As our Lord himself showed on the Emmaus Road, Scripture is ultimately about him. But the curious thing is, this vast panorama of parted seas, plagues, kings, vineyards, whirlwinds, floating axeheads, blessings, curses, patriarchs, prostitutes, assassins, prophets, laws, peasants, sages, lions and hippopotami does not immediately suggest to us just how to find Jesus of Nazareth in the midst of it all.
Some people think it’s easy. With too-comfortable hindsight, they imagine that all Jesus’ contemporaries must have immediately known that Psalm 16 was a) inspired Scripture and b) clearly referred to the doctrine of the Resurrection of the Dead, when it declared, “But I in justice will behold your face; on waking I shall be content in your presence.” Such people often speak as though first century Jews had a sort of “messianic prophecy fulfillment checklist” and that it was possible to just follow Jesus around, checking off fulfillments as they happened. The notion seems to be that the entire history of Christ was foreseen with as much clarity by the Old Testament prophets as it was remembered by the apostles.
Others, including the Sadducees in today’s gospel, are in the opposite camp. They see no messianic and no resurrection in the Old Testament. Indeed, they see only five Old Testament books as inspired at all: the five books of Genesis, Exodus, Numbers, Leviticus and Deuteronomy. All the rest of it from Joshua to Malachi was, for the Sadducees, just Jewish literature. Therefore, when 2 Maccabees preached the Resurrection, the Sadducees said, “So what?”
And when a rabbi from Galilee came to Jerusalem with the same sort of message, the Sadducees from the big city thought it would be fun to put this up-country preacher in his place. So they posed him what they thought was an insoluble logic problem. A series of brothers, in obedience to the law of Moses, marries the same woman and dies one after another. If there is a resurrection, who is she married to?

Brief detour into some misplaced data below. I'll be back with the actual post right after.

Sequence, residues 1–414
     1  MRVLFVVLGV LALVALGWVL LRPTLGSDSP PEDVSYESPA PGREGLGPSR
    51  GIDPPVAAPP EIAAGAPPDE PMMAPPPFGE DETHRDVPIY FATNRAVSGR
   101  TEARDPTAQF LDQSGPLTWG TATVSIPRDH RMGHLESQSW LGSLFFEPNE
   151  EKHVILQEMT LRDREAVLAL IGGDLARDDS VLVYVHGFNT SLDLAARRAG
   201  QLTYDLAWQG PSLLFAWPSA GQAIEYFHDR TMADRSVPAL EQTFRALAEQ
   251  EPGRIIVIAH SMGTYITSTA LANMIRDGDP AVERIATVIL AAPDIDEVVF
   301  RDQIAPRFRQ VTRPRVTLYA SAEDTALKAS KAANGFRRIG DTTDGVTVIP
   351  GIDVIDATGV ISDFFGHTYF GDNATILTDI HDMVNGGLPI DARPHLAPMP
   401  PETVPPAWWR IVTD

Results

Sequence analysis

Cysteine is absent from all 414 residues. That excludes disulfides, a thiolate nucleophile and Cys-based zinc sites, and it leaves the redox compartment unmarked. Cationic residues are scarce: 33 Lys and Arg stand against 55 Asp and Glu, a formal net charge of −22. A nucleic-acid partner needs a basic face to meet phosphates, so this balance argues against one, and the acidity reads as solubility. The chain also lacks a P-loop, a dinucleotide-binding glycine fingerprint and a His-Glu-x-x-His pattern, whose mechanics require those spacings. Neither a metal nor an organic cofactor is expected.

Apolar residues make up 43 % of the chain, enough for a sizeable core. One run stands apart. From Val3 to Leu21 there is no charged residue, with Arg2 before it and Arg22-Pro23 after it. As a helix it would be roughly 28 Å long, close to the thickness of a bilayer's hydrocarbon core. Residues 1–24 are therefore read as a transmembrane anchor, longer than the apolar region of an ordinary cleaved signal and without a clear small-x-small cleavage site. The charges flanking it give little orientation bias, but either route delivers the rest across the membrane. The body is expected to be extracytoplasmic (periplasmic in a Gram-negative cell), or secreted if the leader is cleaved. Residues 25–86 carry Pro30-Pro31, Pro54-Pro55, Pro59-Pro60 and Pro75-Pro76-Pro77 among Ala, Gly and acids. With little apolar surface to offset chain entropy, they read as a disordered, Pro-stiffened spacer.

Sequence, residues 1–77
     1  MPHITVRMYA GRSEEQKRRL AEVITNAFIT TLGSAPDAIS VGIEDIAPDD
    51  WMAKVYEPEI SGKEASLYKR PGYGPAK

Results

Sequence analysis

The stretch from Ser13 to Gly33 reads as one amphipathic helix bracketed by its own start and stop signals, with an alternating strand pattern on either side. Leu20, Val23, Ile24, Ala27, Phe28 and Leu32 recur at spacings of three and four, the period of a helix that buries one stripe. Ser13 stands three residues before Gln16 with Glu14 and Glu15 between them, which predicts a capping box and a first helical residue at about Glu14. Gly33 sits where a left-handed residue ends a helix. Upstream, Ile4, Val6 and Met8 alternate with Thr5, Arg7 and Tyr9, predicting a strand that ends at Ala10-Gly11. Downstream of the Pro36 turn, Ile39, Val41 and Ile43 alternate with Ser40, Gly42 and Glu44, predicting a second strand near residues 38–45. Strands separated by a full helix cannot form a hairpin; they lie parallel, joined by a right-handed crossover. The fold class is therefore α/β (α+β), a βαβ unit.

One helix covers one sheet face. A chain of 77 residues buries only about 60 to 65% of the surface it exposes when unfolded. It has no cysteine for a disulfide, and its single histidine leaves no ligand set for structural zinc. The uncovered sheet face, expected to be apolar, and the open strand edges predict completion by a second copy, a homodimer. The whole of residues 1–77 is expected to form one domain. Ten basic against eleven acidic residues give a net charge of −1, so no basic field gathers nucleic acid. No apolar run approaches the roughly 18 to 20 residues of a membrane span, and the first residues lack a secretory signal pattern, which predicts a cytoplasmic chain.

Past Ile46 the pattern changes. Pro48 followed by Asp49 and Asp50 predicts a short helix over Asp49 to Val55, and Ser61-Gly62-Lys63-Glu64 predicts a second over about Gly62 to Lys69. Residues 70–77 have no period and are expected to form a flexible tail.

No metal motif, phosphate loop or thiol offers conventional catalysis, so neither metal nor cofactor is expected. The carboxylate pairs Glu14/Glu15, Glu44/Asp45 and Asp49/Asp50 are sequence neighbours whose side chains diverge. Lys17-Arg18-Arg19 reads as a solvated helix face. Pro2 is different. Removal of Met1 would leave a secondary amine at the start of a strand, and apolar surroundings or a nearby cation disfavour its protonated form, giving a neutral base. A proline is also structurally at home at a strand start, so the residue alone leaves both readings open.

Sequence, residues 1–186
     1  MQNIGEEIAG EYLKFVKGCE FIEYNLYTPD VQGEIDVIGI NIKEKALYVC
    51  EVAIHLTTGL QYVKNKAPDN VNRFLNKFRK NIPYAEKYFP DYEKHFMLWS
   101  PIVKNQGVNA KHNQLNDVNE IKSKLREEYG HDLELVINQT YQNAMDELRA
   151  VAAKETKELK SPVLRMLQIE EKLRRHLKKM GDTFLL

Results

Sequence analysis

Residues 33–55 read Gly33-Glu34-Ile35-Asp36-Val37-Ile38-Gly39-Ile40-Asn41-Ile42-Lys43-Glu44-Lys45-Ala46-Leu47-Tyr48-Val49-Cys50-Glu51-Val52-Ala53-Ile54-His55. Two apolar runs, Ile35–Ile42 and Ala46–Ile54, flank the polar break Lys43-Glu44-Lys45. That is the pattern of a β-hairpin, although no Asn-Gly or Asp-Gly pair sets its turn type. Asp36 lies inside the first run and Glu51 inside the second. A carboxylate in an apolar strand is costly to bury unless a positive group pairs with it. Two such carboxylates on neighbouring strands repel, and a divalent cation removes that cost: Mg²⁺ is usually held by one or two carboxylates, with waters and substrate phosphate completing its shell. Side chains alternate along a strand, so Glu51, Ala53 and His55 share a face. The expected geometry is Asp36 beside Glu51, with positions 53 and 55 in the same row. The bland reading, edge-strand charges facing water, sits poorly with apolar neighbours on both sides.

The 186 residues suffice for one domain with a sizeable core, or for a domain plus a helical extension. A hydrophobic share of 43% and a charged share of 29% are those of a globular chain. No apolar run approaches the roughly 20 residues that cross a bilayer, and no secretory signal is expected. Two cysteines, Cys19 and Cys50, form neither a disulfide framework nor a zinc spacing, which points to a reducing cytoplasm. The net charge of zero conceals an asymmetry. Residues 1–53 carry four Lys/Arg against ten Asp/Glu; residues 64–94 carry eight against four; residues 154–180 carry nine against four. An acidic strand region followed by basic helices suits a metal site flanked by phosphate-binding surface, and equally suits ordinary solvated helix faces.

Jesus stuns them with his reply. First, he points out that their view of the Resurrection is ridiculously provincial. The supposition that glorified human life must look exactly like our present circumstances is scotched. The vow of marriage makes no sense in a world where vows, taken to bind fallen humans to promises they might otherwise break, are unnecessary. Then, in an even more stunning move, Jesus calls as witness to the Resurrection none other than the Torah itself. Since the Sadducees only recognize the books of Moses as Scripture, that is what Jesus relies on. He confronts the Sadducees with the fact that God says I am the God of Abraham, Isaac and Jacob” (Exodus 3:6) not “I was”. The implication is clear: God is saying the patriarchs are still alive. And as they are, so shall we be–if we have faith in Jesus.
In so doing, Jesus shows the way in which he and his gospel are both revealed and hidden in the Old Testament. The Old Testament is not simply an itinerary or checklist of crystal clear messianic prophecies. In fact, many texts which the Church understands as referring to Jesus were not understood to be messianic until Jesus fulfilled them. None of his apostles understood clearly that Jesus had to die and rise from the dead, even when he told them point blank and even when they stood in the mouth of the empty tomb (Mark 9:32; John 20:9). However, when it was fitting, our Lord opened the eyes of his disciples (and, as we see today, sometimes even those of his enemies) to show his gospel hidden in the Old Testament (Luke 24:27). In light of his resurrection, Isaiah 53 and Psalm 22 (among other texts) suddenly took on stark significance. That which was hidden was revealed in almost blinding light (Ephesians 3:4-5).
The same sort of thing is promised to us in our resurrection with him. We will be taken as hicks, fools and fanatics (like the martyrs in today’s reading from 2 Maccabees) for pinning our hopes on life from the dead rather than seeking to win through intimidation or make hay while the sun shines or do any of the thousand other things to gain the whole world while forfeiting our souls. But in the day when that which is hidden is again revealed, the light will again both illumine with stark clarity what was always true, even in the days of Abraham, Isaac and Jacob.